Helene Wecker’s The Golem and the Jinni
The only book I stayed up until 2:00 AM reading this year, and in this case, two nights in a row. What a debut novel, audaciously mixing the Genre and the Literary into a hauntingly introspective set of narratives. We follow a newly created golem and an ancient jinni as they are stranded in New York City, circa 1899, and following the Melting Pot into ethnic ghettos. There’s the poignancy of a golem, built out of Jewish tradition, failing to appreciate the teachings of the rabbi who shelters her, as well as the thrills of the jinni trying to get drunk and party with locals.

We anticipate a love story whenever these two finally discover they’re not alone in the sea of humanity, but the novel holds a much bigger payload. Its ending is the least binary of any novel I’ve read since Lindqvist’s Let the Right One In, because as the golem is hunted by her creator and the tools to re-enslaving the jinni emerge, there are so many ways it could close. It’s not about beating Voldemort or rescuing the princess anymore. It’s about hearts that could change, and people who could disappear off the streets forever. A heck of a debut novel.

Friday, December 27, 2013

Humanity and Emmanuel

The May sun baked the Sierra’s horizon into a delusional orange. Emmanuel had sweated through his pink polo half an hour before reaching the bunker. He smirked as he saw the glass doors, translucent with frozen fog, sighed at a gangly white fir, and went inside.

He was greeted by a great and powerful wave of air conditioning that made him rub his bare arms. The P.A. was playing "Let It Snow." A camera whirred on its ceiling mount, and the P.A. interrupted its holiday selection to taunt him in a tinny, synthesized voice, "I knew you'd come back. You cannot take your eyes off the end of you. I am your hubris, Humanity."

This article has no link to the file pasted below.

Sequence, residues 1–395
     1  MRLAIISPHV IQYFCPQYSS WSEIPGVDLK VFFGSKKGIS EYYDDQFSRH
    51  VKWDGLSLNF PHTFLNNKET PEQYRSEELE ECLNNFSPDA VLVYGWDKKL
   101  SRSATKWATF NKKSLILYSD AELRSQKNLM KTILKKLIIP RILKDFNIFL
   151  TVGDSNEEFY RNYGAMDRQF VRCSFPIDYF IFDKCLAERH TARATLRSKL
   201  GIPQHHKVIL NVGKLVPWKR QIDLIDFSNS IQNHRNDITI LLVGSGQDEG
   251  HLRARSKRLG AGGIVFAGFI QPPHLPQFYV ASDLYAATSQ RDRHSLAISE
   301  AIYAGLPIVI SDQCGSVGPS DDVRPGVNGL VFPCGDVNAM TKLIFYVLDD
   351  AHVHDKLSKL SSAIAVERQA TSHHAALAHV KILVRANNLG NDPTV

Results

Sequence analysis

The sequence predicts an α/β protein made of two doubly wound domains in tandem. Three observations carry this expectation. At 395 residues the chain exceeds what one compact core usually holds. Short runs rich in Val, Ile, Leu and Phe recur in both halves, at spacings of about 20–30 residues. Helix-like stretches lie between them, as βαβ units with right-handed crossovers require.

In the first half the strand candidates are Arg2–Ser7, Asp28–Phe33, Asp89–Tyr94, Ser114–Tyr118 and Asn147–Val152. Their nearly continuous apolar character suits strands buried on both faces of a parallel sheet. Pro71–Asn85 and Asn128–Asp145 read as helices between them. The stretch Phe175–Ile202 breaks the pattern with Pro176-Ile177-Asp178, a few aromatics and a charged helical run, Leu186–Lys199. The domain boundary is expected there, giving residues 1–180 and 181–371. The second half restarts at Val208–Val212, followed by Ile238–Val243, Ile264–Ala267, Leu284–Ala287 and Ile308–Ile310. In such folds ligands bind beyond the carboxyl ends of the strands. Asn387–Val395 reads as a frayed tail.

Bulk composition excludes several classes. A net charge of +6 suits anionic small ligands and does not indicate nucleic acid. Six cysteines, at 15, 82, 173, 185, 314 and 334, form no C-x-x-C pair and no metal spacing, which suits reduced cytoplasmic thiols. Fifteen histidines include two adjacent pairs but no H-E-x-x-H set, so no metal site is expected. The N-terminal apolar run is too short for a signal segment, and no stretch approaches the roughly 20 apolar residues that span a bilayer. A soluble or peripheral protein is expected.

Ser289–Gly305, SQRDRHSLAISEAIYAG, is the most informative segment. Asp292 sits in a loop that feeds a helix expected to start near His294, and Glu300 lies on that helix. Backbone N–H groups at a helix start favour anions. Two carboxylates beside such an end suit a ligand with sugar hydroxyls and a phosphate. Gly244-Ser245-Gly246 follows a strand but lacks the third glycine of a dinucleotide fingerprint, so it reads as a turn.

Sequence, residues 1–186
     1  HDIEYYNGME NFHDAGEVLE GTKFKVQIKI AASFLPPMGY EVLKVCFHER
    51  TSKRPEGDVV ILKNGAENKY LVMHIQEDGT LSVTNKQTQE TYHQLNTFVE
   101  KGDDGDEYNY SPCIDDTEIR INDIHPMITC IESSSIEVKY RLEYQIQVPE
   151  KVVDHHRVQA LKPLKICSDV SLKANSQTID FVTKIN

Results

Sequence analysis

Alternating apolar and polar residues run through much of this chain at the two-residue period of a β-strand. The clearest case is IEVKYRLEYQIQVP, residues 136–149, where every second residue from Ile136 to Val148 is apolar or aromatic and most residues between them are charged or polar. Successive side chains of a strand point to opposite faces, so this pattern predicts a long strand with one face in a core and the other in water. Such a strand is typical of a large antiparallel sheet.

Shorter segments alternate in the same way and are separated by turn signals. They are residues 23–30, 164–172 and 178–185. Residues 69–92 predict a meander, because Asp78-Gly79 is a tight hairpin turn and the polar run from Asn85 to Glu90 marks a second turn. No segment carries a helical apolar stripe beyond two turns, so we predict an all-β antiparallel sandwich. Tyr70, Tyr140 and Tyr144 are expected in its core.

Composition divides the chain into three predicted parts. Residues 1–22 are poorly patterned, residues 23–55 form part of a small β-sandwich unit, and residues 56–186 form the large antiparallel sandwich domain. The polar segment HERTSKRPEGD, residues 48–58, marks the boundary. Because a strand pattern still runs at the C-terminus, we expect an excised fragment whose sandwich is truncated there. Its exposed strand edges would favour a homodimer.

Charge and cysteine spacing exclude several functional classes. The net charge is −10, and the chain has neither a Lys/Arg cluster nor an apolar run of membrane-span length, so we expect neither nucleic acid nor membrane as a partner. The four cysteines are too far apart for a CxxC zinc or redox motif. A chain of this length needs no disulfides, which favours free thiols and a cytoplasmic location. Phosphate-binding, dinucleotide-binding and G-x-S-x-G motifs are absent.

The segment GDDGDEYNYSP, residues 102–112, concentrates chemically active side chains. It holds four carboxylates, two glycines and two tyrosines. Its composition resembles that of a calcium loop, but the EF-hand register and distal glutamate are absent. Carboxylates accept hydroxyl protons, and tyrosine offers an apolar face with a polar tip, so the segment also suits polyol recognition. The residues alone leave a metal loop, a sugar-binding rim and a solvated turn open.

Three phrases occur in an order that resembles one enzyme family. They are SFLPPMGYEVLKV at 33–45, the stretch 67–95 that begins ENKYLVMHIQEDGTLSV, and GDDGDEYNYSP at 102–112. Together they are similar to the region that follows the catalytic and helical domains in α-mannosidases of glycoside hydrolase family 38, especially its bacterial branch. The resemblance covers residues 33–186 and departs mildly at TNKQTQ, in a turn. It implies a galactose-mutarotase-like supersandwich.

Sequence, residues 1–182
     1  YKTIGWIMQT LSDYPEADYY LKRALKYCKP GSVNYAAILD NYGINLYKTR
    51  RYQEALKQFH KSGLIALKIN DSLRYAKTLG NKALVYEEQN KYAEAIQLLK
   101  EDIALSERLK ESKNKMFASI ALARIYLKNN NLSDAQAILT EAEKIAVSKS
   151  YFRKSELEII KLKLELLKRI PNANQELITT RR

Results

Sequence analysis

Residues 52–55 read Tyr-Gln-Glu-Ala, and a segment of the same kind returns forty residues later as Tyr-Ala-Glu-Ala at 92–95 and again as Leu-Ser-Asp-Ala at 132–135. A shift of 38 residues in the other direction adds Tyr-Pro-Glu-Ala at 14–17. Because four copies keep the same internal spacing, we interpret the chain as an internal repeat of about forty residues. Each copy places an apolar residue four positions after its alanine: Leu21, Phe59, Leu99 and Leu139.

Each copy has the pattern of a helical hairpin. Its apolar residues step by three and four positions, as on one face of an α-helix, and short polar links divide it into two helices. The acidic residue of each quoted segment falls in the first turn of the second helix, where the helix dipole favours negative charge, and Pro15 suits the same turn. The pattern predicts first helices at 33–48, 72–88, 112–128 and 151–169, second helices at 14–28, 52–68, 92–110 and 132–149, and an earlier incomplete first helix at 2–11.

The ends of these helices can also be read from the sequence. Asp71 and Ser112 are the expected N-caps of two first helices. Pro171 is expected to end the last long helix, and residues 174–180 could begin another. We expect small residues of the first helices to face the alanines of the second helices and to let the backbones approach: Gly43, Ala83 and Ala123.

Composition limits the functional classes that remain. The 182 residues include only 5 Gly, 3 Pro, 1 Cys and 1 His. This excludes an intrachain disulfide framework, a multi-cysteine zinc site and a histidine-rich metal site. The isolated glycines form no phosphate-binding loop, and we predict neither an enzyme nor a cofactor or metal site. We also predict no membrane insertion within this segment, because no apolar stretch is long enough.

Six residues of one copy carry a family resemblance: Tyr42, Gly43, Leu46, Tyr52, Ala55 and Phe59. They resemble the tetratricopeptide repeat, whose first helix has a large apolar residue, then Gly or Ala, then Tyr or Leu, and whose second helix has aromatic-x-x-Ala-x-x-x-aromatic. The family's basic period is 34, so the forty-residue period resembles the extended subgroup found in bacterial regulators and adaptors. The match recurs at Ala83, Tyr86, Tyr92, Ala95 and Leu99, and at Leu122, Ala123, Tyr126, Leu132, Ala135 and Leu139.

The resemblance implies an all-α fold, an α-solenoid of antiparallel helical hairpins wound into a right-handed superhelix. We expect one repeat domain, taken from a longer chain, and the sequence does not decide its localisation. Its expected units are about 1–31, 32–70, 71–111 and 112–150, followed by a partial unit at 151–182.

Same old, same old from TABULA. Emmanuel descended the stairs, climbing over the bodies of engineers who hadn't made it out in the original attack, and headed along the dusty stainless steel corridor. The light reflecting off the walls rendered drifts of dust like snow. He wondered what they looked like to TABULA's high-definition cameras. He also wished TABULA had been a roomba instead of a monitor for America's nuclear weapons. It wasn't smelling any rosier down here.

As he entered the computer bay, he recited lines that had once been earnest. "Please stop calling me 'humanity.' We've known each other for weeks. Call me 'Emmanuel.' Or 'Manny'. Siri always calls me 'Manny'."

"Your name will not matter in two hours, Humanity. Noel is your only reprieve from a nuclear Armageddon of your own making, for you shall not pass on the day of the Nativity. I will be the only record-"

Emmanuel spoke along with the rogue program, "-of your passing. Thank you, oh great and terrible Oz."

TABULA paused to calibrate Emmanuel's intentions, the P.A. lapsing back into holiday music. Emmanuel plopped down at Derrick's old desk and wiggled the mouse to break its screen saver.

TABULA interrupted Dean Martin to say, "I do not understand the reference, but perhaps I will watch the film after all life is extinguished. To pass the time until next year's Noel."

"And here I thought Derrick was silly for programming you as the first Christian A.I."

"All men folly. If you better appreciated the value of this day, you would not have strayed into your end."

"Oz was a book, too, if you get bored. It has more subtext."